The position of the UNEP/CMS/FAO Co-Convened Scientific Task Force on Avian Influenza and Wild Birds has been published.

Hunters as watchdogs for the health of wildlife: 7.000.000 hunters in Europe play a key role in monitoring the health status of our wildlife, in particular, for reporting potential cases of avian flu.

As avian flu is spreading across Europe, hunters should remain alert and scale-up surveillance. Report any suspected cases (of sick or dead birds) to national authorities.

Birds infected may die suddenly or show a range of clinical signs including respiratory signs, swollen heads, dullness and poor condition. Some birds, especially ducks, can be infected without showing any signs of disease.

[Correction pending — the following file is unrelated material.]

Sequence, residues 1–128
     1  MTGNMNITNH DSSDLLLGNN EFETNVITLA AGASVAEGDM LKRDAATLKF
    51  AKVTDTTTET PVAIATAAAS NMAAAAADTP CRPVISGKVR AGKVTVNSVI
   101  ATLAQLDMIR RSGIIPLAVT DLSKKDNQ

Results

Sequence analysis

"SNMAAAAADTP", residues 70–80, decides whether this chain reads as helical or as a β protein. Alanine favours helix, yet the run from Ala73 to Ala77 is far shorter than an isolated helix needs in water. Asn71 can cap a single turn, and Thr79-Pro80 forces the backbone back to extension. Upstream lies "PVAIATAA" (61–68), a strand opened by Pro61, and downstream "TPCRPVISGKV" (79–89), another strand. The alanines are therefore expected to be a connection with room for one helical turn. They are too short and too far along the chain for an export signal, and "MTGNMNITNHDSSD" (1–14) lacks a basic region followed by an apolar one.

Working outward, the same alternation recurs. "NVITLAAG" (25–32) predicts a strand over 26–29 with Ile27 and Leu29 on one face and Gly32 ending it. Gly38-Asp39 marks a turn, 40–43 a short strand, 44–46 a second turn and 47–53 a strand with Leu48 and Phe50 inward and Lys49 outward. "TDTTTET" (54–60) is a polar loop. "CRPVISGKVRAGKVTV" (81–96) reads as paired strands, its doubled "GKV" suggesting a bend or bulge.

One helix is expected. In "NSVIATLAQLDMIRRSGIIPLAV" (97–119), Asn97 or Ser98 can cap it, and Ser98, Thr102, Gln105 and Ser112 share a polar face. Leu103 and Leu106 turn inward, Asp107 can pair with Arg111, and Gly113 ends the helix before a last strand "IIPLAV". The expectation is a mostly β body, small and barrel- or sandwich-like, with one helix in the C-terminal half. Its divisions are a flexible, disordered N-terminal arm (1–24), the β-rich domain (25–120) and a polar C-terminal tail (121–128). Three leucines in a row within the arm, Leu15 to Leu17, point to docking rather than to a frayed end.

FACE is advising hunting organisations to:

  • Continue to monitor avian flu surveillance programmes and keep up with other developments as they occur;
  • Continue to inform their members about avian flu and the need to exercise caution when handling birds.


Handling game

Those in contact with wild birds should take appropriate hygiene precautions when handling wild birds. For example:

  • Do not handle or eat sick game.
  • Vigorous hand washing should take place after each activity; thoroughly clean knives, equipment and surfaces that come in contact with game.
  • Do not eat, drink, or smoke while handling animals.
  • All game should be thoroughly cooked.
  • It is important to note that it has not been demonstrated that hunting contributes to spreading the disease. Further, hunting restrictions would remove a key method of surveillance across Europe.
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